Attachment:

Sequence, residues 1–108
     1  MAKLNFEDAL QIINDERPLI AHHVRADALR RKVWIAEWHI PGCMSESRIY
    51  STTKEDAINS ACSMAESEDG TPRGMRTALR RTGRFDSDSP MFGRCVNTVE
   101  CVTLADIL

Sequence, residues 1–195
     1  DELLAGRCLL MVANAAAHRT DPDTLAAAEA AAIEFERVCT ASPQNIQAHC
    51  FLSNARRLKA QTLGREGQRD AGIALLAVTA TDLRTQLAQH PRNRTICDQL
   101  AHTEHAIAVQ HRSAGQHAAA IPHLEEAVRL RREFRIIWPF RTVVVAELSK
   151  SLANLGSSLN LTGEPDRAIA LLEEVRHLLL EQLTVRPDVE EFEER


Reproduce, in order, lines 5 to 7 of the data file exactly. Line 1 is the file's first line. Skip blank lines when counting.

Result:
Sequence, residues 1–195
     1  DELLAGRCLL MVANAAAHRT DPDTLAAAEA AAIEFERVCT ASPQNIQAHC
    51  FLSNARRLKA QTLGREGQRD AGIALLAVTA TDLRTQLAQH PRNRTICDQL